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Hilt Detail

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Scabbard Detail

This is a very attractive weapon, perhaps too attractive for the kit I eventually hoped to build around it. The steel discs are even and round and decorated with incised lines. Horn is sandwiched between the discs and matches the horn in the grip. The blade itself is evenly formed and cleanly ground. The peen on the upper disc is neat and appears to be solid, although the upper disc could be manipulated slightly in a counter-clockwise direction when I received the dagger. I have since gently rotated the upper rondel slightly in a clockwise direction and the whole assembly appears to be tightly seated now. There is no noticeable pitting on any of the components.

The decorative elements on the steel and horn grip components and rondel discs are confidently executed and appeal to the eye. There are places where some of the decorative elements are slightly unevenly spaced, as is to be expected from most completely handcrafted pieces. Overall I think this adds a complimentary old-world feel to the piece, and it helps to reinforce the fact that it was produced by human hands.

The included scabbard appears to have a wooden core. It is a work of art in and of itself. The steel throat and chape mirror design elements of the dagger, and the leather cover closely matches the color of the horn used in the grip. A series of raised bands under the leather provide more decoration and a mechanism to secure a leather tie to the scabbard so that it can be hung from a belt. Clean and even stitching secures the leather cover along the back of the scabbard. Slight imperfections at a few points in the stitching indicate it was created by hand as well.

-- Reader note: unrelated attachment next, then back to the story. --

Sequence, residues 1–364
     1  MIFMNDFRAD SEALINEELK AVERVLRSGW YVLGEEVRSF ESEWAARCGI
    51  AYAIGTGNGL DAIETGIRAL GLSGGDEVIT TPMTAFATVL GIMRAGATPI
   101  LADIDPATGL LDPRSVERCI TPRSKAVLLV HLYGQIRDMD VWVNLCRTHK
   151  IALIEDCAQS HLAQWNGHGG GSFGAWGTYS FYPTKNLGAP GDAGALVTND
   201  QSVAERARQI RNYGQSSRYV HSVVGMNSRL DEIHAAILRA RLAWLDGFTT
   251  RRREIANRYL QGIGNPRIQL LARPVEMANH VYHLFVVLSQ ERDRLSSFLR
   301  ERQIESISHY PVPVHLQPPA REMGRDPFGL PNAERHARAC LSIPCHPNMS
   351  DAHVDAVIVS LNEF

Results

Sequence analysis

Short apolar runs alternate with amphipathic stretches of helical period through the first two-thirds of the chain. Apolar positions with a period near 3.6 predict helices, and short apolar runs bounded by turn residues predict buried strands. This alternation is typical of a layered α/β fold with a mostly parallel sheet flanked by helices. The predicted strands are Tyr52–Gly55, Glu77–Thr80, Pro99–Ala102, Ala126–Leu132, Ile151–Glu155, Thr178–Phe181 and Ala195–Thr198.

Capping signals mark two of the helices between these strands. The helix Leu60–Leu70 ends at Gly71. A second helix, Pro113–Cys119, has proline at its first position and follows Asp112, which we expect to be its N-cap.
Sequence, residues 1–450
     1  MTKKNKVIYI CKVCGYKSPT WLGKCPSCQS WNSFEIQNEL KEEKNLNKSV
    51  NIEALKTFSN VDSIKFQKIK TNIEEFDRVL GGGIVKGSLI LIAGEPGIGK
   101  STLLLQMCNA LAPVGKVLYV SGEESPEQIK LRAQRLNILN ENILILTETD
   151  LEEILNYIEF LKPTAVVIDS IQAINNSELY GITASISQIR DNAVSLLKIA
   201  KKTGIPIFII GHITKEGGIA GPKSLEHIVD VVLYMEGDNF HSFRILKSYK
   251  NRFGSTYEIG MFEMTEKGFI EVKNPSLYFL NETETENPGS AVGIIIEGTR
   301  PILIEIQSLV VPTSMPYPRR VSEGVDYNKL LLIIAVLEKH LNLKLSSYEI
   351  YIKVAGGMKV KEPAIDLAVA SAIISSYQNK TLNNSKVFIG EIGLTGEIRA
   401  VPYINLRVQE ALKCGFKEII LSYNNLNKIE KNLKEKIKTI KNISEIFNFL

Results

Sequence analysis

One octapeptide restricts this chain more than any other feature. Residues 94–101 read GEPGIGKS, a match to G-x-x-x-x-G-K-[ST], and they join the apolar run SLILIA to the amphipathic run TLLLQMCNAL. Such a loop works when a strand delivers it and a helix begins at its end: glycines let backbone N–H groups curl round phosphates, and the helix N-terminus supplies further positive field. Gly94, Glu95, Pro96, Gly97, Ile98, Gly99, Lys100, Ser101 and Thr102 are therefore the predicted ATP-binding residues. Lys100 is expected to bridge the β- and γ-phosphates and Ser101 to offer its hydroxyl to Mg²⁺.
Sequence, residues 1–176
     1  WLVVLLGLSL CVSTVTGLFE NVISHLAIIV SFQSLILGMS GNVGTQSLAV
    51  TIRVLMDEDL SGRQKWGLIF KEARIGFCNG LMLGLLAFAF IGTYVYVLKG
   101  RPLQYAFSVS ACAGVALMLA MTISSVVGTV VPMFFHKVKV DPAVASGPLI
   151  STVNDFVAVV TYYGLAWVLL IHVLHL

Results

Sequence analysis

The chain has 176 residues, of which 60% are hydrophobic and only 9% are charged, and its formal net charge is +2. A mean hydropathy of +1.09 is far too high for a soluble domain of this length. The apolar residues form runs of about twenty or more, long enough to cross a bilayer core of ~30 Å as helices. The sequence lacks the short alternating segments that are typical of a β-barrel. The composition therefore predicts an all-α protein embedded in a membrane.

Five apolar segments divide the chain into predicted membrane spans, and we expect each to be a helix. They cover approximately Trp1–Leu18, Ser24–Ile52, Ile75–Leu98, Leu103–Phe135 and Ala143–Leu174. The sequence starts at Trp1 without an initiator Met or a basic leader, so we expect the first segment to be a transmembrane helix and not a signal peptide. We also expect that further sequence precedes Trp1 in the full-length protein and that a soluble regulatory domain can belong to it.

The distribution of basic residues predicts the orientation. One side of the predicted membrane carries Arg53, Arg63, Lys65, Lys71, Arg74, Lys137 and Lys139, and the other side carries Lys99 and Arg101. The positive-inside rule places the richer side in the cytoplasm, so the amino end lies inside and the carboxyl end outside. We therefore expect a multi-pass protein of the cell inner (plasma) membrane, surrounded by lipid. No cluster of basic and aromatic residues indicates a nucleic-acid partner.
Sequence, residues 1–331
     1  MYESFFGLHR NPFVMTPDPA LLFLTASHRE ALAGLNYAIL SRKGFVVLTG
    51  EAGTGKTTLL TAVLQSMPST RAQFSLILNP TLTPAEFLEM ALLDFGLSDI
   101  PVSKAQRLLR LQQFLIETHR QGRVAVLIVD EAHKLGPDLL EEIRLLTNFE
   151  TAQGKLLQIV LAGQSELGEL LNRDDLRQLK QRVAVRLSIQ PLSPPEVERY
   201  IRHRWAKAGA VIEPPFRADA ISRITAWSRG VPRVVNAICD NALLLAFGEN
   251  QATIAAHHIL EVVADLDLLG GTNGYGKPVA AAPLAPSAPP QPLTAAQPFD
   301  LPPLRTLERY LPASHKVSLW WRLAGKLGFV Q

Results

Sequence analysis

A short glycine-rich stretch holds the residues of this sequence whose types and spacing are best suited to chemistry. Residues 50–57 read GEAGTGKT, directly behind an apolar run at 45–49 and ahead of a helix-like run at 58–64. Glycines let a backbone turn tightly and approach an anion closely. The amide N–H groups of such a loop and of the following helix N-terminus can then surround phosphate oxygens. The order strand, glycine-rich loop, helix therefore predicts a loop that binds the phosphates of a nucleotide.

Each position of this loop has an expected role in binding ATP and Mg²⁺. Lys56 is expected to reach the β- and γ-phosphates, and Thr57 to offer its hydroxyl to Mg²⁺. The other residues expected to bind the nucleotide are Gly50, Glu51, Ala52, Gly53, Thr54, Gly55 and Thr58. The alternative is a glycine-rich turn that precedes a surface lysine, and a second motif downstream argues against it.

I have seen and handled very few other rondel daggers up close, so I have difficulty comparing it directly with products from other vendors. However, the craftsmanship stands nicely on its own merits.

Overall, the design of the dagger and scabbard is quite elegant. It is very nice looking and appears to be soundly constructed. The scabbard is at, or very nearly on par with, the best work I have seen from better known sources. It was, and remains, a very pleasant surprise even though I knew it was coming as part of my purchase.

This rondel dagger was my first purchase from Arma Bohemia. I am satisfied with the buying and communications process, which proceeded efficiently, despite some minor delays. Based on my experience in this case, I do plan on buying some additional items from this vendor to expand the scope of my collection.

About the Author
Joseph Fults is a technology manager in the Columbus metropolitan area. For all intents and purposes a career student as long as he can remember, Joseph has been intrigued by history and tales of adventure. Long driven to learn about anything that intrigued him, over the last few years Joseph has nurtured a growing appetite for information about the medieval period of European history. Today his curiosity draws him to the people, items, and regional events of the Rhine basin in the 14th, 15th, and 16th centuries.

Photographer: Chad Arnow